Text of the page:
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Wedding Photography Tips for Amateur Photographers Article 4


									Wedding Photography Tips for Amateur Photographers Article 4
This article is the fourth in a series that I am writing to help
beginners that are preparing to photograph their first wedding. These
articles are written for those who are serious about their photography
and are willing to invest A LOT of hours preparing to shoot their first
If you aren’t serious about your photography and don’t want to spend time
preparing for your first wedding, you might as well stop reading these
articles as they won’t help you much. While I’m a firm believers in
practical advice (which is what I’m trying to give in these articles) –
nothing can replace the benefit of picking up your camera, taking photos,
critically reviewing them, and then starting the process over and trying
to take better ones.
This article continues looking at things you can do to prepare (ahead of
time) for the wedding. The previous articles discussed knowledge of
photography, preparing your equipment, online/internet preparations,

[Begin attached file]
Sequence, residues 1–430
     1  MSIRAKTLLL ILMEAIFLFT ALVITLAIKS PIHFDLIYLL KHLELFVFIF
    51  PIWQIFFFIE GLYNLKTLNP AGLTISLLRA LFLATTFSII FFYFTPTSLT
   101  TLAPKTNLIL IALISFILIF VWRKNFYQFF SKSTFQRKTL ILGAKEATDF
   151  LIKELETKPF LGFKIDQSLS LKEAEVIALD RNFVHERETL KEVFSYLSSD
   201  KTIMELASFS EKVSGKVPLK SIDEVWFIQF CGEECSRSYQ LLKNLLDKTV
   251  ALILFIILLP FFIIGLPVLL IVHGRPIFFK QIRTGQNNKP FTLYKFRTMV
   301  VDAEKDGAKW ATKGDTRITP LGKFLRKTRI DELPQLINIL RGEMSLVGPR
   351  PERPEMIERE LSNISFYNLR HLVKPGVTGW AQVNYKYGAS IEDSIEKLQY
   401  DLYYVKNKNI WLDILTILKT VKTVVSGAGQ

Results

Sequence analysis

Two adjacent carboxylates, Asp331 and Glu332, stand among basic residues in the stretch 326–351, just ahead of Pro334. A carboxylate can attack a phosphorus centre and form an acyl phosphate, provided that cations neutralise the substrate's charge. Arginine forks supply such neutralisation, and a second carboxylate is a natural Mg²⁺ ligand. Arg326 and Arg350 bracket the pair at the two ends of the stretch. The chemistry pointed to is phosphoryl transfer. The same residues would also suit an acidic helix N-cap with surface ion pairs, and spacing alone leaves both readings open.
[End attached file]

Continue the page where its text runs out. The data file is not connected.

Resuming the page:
wedding photography books, and spending time with the couple.
Create a Shot List

With the couple, work through a list of “formal” images that they want
(if they want any formal shots). Be very specific! Find out exactly who
is to be included in the “Bride and Groom with Groom’s Family” photo
(parents and siblings? what about sibling’s spouses? or their children?).
Otherwise, at the wedding, in the middle of the photo session while you
are trying to call people together for the shot (I always try to enlist
the help of the wedding coordinator or a family member/friend to round
people up) you will have to ask the couple exactly who they want in the
My goal has always been to present the couple with any and all decisions
before the wedding so that they will hopefully not have to make any
photography-related decisions on wedding day. I want them to enjoy the
day! The last thing I want them having to be faced with is me, as the
photographer, asking them who is supposed to be in a certain photo – when
it is so easily dealt with ahead of time. I’m always open to extra photos
they want or other people they want to include in formals, it’s just that
I want to get as many decisions out of the way ahead of time.
For beginners, I recommend you put more than just the formal images onto
the shot list. I know – a shot list is the last thing you would expect a
photojournalistic photographer to recommend. But it is important for your
first weddings. And I highly recommend putting photojournalistic/unposed
images on the shot list!
Shots like “image of groom’s parents” would be great to have on the list.
You don’t have to pose them for the image! You just want to make sure you
get the image and can "cross it off the list" at some point during the
You can search the web for sample "shot lists." Some of the wedding
photography books also have shot lists. I never did like the incredibly
long and formal lists online or in books. But, I would take them as a